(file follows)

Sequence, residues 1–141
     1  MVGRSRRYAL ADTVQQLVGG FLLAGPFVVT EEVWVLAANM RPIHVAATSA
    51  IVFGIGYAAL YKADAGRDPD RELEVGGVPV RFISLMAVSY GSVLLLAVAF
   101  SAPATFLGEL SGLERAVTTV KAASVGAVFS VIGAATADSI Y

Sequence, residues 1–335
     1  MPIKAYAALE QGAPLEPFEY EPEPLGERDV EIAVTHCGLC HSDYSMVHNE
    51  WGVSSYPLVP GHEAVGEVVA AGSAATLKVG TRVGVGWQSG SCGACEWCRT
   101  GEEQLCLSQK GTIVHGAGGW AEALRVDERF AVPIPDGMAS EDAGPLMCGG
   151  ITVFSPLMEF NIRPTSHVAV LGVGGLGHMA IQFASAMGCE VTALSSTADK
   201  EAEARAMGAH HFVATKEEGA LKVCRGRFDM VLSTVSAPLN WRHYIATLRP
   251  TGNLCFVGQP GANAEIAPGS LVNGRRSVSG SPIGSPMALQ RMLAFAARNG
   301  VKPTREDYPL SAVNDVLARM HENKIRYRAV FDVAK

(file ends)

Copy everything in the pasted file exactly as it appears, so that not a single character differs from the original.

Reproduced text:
Sequence, residues 1–141
     1  MVGRSRRYAL ADTVQQLVGG FLLAGPFVVT EEVWVLAANM RPIHVAATSA
    51  IVFGIGYAAL YKADAGRDPD RELEVGGVPV RFISLMAVSY GSVLLLAVAF
   101  SAPATFLGEL SGLERAVTTV KAASVGAVFS VIGAATADSI Y

Sequence, residues 1–335
     1  MPIKAYAALE QGAPLEPFEY EPEPLGERDV EIAVTHCGLC HSDYSMVHNE
    51  WGVSSYPLVP GHEAVGEVVA AGSAATLKVG TRVGVGWQSG SCGACEWCRT
   101  GEEQLCLSQK GTIVHGAGGW AEALRVDERF AVPIPDGMAS EDAGPLMCGG
   151  ITVFSPLMEF NIRPTSHVAV LGVGGLGHMA IQFASAMGCE VTALSSTADK
   201  EAEARAMGAH HFVATKEEGA LKVCRGRFDM VLSTVSAPLN WRHYIATLRP
   251  TGNLCFVGQP GANAEIAPGS LVNGRRSVSG SPIGSPMALQ RMLAFAARNG
   301  VKPTREDYPL SAVNDVLARM HENKIRYRAV FDVAK